"The Tlingit had a strong tradition in cedar bark basket weaving and mountain goat wool blanket weaving. They had yellow cedar and traded for red cedar with the Haida. They also traded with the Eyak, Tsimshian (especially for eulachon) and Athapaskan extensively. The Tlingit people belong to one of two groups, which I will call moieties: the Raven or the Wolf. This set up marriage groups; one can marry only from the other moiety. The moieties were further broken down into clans and family lineages, both of which owned crests. Descent was through the mother. The death of a spouse entitled the widow or widower to marry the spouse's next closest relative of the same sex either of the same generation or the next generation. A man could marry his wife and her sisters or a woman her husband and his brother or nephew in his moiety. But very few women had more than one husband at the same time. Some crests from the Raven moiety are Raven, Owl, Whale, Frog and Sun; from the Wolf moiety are Eagle, Petrel, Wolf, Bear and Thunderbird. Property held by the families or clans could be transferred, including crests, songs, and territories. This could happen at marriages, during peace agreements, or could be taken in wars. (Poorly written) Any new displays of crests by hosts or guests at a potlatch required payment to witnesses. If the crest showed places, the display and gift acceptance legitimated territorial claims. The animals shown in the crests were referred to by kin names. All living things and many important non-living things were referred to by names as if they were alive, such as halibut hooks and canoes. All things in nature needed to be treated and addressed respectfully. Thus hunting and fishing were also spiritual affairs. The souls of the animals sought are equal to our own. So hunters and fishers pray to the spirit of the animal they are seeking and explain why they are killing the animal. Hunters needed to be spiritually cleansed before hunting. The most important animals for food were bears, deer, mountain gots, and birds. The salmon and eulachon were especially important ot the Tlingit diet. The Tlingit moved to their particular resource areas when they were available. Eulachon are small fish rich in fat, a little bigger than herring. Salmon heads, eulachon, herring, seal blubber and mountain goats were all valuable for their fat. The fish were put in a large pot (often a canoe) into which hot rocks were put to boil the water and the fat was skimmed off. Salmon and halibut and some of the meats were smoked.
People that died went to live on another plane for a while until they were reincarnated. There were different places one went depending on how one died or how they were while alive. Good people who died naturally went hrough a thorny forest to the Town of the Dead. People who died violently went to a good land above the sky. Wicked people went to "Raven's home" or "Dog's Heaven". People that died were usually cremated, but shamans were brought to a cave with some of their special tools. Some people were put in burial boxes at the top of totem poles and some later were put in burial boxes at ground level with their crests painted on it and much later many were buried with a cement or marble slab put over the grave. Childbirth occurred in a bark shelter where the mother and baby remained for a while so as not to contaminate their family house.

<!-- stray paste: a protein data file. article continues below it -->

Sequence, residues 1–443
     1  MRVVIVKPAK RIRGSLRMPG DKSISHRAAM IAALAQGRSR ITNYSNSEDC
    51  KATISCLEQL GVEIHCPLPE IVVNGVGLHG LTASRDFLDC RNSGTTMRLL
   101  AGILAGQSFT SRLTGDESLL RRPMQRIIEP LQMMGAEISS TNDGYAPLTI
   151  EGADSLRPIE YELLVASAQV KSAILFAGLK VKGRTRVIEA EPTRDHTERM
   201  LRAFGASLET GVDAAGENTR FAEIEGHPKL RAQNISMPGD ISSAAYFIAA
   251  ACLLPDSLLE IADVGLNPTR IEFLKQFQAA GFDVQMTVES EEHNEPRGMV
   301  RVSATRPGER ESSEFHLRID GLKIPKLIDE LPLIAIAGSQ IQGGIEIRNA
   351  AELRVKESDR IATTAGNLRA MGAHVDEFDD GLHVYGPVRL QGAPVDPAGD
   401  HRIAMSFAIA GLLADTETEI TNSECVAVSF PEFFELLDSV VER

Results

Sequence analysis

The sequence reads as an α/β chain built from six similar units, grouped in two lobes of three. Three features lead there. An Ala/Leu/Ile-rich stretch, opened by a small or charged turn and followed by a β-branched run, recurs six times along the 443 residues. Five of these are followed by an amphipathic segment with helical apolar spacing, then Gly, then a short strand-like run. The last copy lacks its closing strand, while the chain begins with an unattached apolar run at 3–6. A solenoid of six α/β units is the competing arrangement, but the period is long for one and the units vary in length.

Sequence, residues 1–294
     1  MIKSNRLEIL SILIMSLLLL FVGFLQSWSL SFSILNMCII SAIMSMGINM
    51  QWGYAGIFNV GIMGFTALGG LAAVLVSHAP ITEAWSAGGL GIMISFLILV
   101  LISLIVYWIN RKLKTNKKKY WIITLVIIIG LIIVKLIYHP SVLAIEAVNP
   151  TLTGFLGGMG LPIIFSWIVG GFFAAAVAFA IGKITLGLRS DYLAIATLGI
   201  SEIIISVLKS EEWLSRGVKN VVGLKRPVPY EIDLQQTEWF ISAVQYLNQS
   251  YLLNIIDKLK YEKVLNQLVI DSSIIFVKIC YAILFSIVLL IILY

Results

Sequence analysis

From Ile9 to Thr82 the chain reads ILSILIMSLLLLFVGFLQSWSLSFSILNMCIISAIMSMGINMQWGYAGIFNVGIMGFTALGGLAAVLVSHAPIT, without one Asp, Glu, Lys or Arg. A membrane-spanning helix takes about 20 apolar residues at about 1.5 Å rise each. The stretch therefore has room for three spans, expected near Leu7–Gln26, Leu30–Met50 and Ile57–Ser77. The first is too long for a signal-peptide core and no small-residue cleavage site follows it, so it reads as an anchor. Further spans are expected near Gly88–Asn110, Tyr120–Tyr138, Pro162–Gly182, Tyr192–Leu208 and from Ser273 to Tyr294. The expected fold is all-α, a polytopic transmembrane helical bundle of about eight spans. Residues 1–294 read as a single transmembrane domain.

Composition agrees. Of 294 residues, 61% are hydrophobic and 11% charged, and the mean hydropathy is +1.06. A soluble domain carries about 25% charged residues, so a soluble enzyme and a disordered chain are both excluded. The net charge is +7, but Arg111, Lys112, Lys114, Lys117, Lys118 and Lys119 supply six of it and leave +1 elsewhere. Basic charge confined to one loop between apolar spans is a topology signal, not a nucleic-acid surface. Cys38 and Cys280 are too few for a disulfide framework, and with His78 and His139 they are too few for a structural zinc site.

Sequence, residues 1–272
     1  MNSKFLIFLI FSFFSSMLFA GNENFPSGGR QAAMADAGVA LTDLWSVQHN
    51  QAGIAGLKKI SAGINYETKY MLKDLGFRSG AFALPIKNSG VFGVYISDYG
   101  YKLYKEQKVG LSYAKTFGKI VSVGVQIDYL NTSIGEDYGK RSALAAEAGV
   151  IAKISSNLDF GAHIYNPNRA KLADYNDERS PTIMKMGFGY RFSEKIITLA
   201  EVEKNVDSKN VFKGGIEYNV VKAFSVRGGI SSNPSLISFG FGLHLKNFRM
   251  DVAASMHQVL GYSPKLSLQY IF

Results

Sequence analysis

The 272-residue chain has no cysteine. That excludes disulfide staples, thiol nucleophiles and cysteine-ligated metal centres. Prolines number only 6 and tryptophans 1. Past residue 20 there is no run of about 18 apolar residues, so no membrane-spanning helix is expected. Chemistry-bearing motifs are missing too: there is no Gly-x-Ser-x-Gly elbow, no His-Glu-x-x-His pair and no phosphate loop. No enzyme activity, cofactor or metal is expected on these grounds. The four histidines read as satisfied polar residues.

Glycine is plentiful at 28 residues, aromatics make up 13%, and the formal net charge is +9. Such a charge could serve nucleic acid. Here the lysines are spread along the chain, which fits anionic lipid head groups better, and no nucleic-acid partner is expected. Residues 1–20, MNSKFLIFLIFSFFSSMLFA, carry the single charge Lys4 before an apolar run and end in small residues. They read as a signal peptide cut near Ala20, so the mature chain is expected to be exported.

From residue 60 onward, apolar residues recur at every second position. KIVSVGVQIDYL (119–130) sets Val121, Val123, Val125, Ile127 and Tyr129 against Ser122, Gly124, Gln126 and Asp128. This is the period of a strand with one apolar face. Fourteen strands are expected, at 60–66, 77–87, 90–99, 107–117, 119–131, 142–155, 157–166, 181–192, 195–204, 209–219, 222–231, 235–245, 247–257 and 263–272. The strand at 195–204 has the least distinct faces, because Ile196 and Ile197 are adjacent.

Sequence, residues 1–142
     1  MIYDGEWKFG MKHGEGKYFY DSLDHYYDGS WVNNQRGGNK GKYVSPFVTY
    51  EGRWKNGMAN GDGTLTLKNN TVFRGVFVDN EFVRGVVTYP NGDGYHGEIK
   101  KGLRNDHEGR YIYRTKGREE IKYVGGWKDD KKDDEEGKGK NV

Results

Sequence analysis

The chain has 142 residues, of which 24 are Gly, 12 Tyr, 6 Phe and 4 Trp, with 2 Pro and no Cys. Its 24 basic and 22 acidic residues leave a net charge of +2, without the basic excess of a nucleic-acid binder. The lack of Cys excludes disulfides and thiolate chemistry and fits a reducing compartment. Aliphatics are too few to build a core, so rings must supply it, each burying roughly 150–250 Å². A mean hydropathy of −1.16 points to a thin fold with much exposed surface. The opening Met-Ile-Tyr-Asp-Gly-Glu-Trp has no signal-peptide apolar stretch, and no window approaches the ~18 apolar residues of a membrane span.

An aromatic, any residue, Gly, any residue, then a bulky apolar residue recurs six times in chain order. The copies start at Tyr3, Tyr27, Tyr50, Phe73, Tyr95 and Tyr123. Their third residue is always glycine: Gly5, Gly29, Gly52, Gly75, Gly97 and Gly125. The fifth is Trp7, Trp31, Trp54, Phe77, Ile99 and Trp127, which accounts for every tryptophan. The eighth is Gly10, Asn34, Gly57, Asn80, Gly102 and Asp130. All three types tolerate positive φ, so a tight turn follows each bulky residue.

For the Tlingit injuries to people or peoples property was redressed by the person who made the injury or that person's next kin, whether that injury was made intentionally or not. This happened even if a man accidentally hurt his wife or child because the wife and child belonged to the opposite moiety. Injuries were usually redressed through the payment of blankets and other goods, but occasionally life sacrifice was part of the way to make peace. Wars occurred between clans but not between tribes, usually. These occurred over disputes, to take away property and rights and to avenge injuries or insults. Tlingit warriors had armour that might be made of strong hide, such as moose or walrus hide, or of wooden slats sewn together with sinew. There were also helmets and collars that extended over the face with slits for the eyes. The armour, helmets and collars were decorated to frighten opponents." 1
There are many works from the Tlingit communities in the Art Collections at the University of Victoria. These include a number of baskets and basketry covered bottles that were widely traded along the coast with Europeans. There are also a number of contemporary Tlingit artists represented in the print collection at the university.